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The stand-alone popularity amongst Star Wars films of The Empire Strikes Back has always put me in mind of that old line of eight out of 10 dentists preferring one type of toothpaste over another. Empire, which is marking the 35th anniversary of its national release on May 21, is routinely cited as the ne plus ultra of the series. If someone tells you they prefer the original picture, A New Hope, you tend to think they’re a bit of a fuddy-duddy, fond of retro serials, while the Return of the Jedi adherents probably like stuffed animals too much, and prequel fans are trying to hard to be different, or are else very young.

Cards out: I’m one of those people who think the first film is easily the best, the one Star Wars film that could exist without any of the others, made with that same daring and innocence that can make first novels so appealing. But as a kid, when I played with my action figures, it was Empire I was thinking about, perhaps because it does the most to move the overall narrative along, with some real plot humdingers, aspects that, as you get older, you realize contain some pretty creepy, downbeat stuff.
More… “The Enduring Empire

Colin Fleming’s fiction appears in Harper’s, Commentary, Virginia Quarterly Review, AGNI, and Boulevard, with other work running in The Atlantic, Salon, Rolling Stone, The New York Times, and JazzTimes. He is a regular guest on NPR’s Weekend Edition and Downtown with Rich Kimball, in addition to various radio programs and podcasts. His last book was The Anglerfish Comedy Troupe: Stories from the Abyss, and he has two books forthcoming in 2018: Buried on the Beaches: Cape Stories for Hooked Hearts and Driftwood Souls, and a volume examining the 1951 movie Scrooge as a horror film for the ages. Find him on the web at colinfleminglit.com.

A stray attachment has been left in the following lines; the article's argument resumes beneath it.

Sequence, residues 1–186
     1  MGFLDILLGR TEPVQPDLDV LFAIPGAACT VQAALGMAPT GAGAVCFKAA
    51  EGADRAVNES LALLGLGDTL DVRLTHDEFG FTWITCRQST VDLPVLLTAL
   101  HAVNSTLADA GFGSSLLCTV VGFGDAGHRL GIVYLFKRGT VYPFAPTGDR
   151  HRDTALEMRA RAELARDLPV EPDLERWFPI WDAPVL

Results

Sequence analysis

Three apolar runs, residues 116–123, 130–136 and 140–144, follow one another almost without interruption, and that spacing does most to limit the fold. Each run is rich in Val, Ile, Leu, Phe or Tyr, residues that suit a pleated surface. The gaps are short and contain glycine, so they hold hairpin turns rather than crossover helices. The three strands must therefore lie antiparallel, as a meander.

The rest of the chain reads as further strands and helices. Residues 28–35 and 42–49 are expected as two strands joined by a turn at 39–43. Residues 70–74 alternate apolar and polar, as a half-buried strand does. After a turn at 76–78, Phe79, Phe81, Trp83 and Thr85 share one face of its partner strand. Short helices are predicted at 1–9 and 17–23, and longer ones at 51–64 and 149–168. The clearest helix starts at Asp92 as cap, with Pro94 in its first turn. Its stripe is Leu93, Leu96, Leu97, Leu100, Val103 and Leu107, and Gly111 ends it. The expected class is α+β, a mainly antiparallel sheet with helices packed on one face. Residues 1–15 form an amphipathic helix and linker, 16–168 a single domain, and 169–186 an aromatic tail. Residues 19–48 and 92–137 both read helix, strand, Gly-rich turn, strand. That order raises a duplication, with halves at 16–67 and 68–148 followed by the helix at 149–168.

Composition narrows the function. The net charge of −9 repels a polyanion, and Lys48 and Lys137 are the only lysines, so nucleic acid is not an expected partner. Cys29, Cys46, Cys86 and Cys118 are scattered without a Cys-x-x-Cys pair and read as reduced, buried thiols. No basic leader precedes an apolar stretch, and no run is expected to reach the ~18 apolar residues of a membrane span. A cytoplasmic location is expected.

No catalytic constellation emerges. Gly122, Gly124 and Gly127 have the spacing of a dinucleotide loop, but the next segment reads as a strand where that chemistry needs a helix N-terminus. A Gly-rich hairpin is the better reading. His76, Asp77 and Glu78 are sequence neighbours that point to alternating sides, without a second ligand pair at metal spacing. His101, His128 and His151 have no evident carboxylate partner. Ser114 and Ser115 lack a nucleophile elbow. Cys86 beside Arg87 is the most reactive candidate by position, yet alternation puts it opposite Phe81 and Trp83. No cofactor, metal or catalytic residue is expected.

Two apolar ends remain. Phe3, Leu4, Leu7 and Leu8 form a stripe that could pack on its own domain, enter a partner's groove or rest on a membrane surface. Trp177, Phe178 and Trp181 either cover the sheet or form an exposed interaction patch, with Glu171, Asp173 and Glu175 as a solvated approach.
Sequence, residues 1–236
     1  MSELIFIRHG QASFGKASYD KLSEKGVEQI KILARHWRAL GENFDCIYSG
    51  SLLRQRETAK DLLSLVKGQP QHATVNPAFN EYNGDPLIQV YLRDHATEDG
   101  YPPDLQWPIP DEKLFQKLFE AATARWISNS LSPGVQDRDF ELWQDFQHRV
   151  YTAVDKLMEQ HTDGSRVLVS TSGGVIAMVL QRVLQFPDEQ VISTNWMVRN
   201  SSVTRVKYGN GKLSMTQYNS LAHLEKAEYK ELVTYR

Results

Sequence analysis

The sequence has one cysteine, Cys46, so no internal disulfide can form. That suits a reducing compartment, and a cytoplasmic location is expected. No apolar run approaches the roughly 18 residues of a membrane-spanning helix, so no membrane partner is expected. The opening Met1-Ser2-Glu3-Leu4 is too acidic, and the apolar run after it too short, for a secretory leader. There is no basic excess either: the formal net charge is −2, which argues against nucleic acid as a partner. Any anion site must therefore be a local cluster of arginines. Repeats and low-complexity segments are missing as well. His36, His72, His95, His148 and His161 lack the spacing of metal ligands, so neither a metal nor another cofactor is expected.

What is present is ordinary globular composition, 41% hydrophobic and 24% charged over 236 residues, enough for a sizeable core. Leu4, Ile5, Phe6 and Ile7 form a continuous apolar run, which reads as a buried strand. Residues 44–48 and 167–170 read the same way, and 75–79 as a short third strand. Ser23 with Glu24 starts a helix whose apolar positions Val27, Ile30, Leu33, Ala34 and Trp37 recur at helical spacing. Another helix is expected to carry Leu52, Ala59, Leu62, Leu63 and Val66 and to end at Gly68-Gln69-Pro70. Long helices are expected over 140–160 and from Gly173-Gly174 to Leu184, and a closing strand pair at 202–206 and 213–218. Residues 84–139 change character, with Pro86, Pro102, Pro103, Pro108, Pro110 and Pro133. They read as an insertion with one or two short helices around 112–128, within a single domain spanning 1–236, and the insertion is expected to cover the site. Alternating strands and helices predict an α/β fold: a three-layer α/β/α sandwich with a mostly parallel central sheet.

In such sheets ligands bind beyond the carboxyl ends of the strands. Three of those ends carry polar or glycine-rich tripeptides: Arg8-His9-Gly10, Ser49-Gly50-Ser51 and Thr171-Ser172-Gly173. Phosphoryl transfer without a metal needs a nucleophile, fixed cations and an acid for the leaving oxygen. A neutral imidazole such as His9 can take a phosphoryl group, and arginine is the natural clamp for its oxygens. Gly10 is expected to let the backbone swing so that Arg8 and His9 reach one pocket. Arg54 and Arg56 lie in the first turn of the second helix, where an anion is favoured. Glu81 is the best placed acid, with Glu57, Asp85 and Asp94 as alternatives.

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The writing guru William Zinser once said words to the effect that if you wish to write long sentences, you best be a genius, the movie version equivalent of which is, probably, if you want to do long takes, be Orson Welles.

There wasn’t a shot Welles thought he couldn’t get, and it didn’t matter if we’re talking the artistic majesty of Citizen Kane, or any of a number of the cheapjack efforts Welles, having fallen from Hollywood grace, spent the bulk of his life trying to cadge up funds to shoot.

With May 6 marking Welles’ centenary, Kane will get still more props as not only one of the two or three best pictures ever made, but the sole picture on which Welles had complete artistic control. He was 25 when he made it, a conqueror of Broadway, the radio, and now Hollywood, and after racing off to South America to shoot a war effort the next year and leaving his Magnificent Ambersons footage in the hands of others, Welles would essentially be kicked out of Camelot on account of the final result, with a reputation for not seeing projects through.
More… “Orson Welles’ Horrorshow”

Colin Fleming’s fiction appears in Harper’s, Commentary, Virginia Quarterly Review, AGNI, and Boulevard, with other work running in The Atlantic, Salon, Rolling Stone, The New York Times, and JazzTimes. He is a regular guest on NPR’s Weekend Edition and Downtown with Rich Kimball, in addition to various radio programs and podcasts. His last book was The Anglerfish Comedy Troupe: Stories from the Abyss, and he has two books forthcoming in 2018: Buried on the Beaches: Cape Stories for Hooked Hearts and Driftwood Souls, and a volume examining the 1951 movie Scrooge as a horror film for the ages. Find him on the web at colinfleminglit.com.

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